Oman govt spending to rise slightly next year
Abu Dhabi, October 22, 2011
Oman's government spending will rise slightly next year, after a sharp increase this year as the country boosted social spending, finance minister Darwish Al Balushi told Reuters on Saturday.
Al Balushi said budget spending this year would total about RO9.1 billion ($23.7 billion), up from an original plan of RO8.1 billion. The country increased spending after a wave of social unrest prompted by Arab Spring political protests across the region.
Next year's spending will be 'a little more' than RO9.1 billion, Al Balushi said, speaking on the sidelines of a meeting of Gulf Arab finance ministers and central bankers.
Protests demanding jobs and an end to corruption prompted Sultan Qaboos bin Said, a US ally who has ruled Oman for 40 years, to promise a $2.6 billion spending package in April. He also announced plans to create 50,000 new jobs.
Speaking to Reuters at the same meeting, the head of Oman's central bank said the non-Opec oil producer would issue a bond to fund development projects.
'The government is issuing a government development bond before the end of this year in the range of RO150 million,' Hamood Sangour Al Zadjali said. 'It is meant for the local market and issued by the government through the central bank.'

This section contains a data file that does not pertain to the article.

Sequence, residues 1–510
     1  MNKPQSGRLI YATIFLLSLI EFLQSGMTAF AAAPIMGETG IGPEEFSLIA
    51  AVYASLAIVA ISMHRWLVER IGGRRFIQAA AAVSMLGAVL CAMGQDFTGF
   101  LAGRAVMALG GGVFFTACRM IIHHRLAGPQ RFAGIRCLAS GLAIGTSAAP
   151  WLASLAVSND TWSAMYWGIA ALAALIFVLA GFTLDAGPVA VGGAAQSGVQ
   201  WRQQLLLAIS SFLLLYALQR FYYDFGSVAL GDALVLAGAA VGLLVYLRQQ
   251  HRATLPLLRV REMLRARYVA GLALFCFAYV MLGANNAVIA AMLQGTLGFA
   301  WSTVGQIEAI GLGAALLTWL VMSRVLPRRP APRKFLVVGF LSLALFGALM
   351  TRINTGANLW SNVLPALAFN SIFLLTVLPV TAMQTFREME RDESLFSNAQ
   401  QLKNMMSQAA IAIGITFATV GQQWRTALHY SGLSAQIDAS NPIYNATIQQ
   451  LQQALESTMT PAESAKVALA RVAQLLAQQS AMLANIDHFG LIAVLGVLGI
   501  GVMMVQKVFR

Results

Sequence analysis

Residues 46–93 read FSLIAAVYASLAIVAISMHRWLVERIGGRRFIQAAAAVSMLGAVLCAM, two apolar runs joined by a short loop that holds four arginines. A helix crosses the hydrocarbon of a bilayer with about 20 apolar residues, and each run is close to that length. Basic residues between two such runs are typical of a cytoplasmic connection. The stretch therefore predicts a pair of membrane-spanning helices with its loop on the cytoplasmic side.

Oman's commercial banks are set to boost profits by about 10 per cent this year, driven by growth in loans and other core businesses, Al Zadjali said.
'The 0man banking system is resilient, strong and comfortable. Looking at Q3 profits, we will see upward growth in the region of about 10 per cent for 2011.'
Al Zadjali added that banks' loan books were growing at an annual rate of about 8 to 10 per cent at the end of the third quarter of this year, with deposits showing similar expansion.
He said the sultanate's first two fully fledged Islamic banks would be operational in early 2012. The two banks will raise 40 per cent of their capital through initial public offers of shares, he said.
Bank Nizwa and Al Izz International Bank, sponsored by local investors in Oman, have received licences from the central bank to operate as wholly Islamic financial institutions but have not yet opened their doors.
Other banks in Oman are free to open Islamic windows, Al Zadjali added.
He said Oman's banking sector had no 'direct' exposure to the euro zone debt crisis. 'Our banks have not borrowed funds nor kept large sums with them. Our banks are conservative,' he said.
Al Balushi said the Oman Investment Fund, the country's main sovereign wealth fund, would not alter its investment strategy to buy European assets made cheaper by the euro zone crisis.
'They (the fund) have a strategy where they invest in a sort of balance between the local investments and the foreign investments. And I think we will continue with that...It is something like 60 per cent in local and 40 per cent in foreign investments,' Al Balushi said. - Reuters
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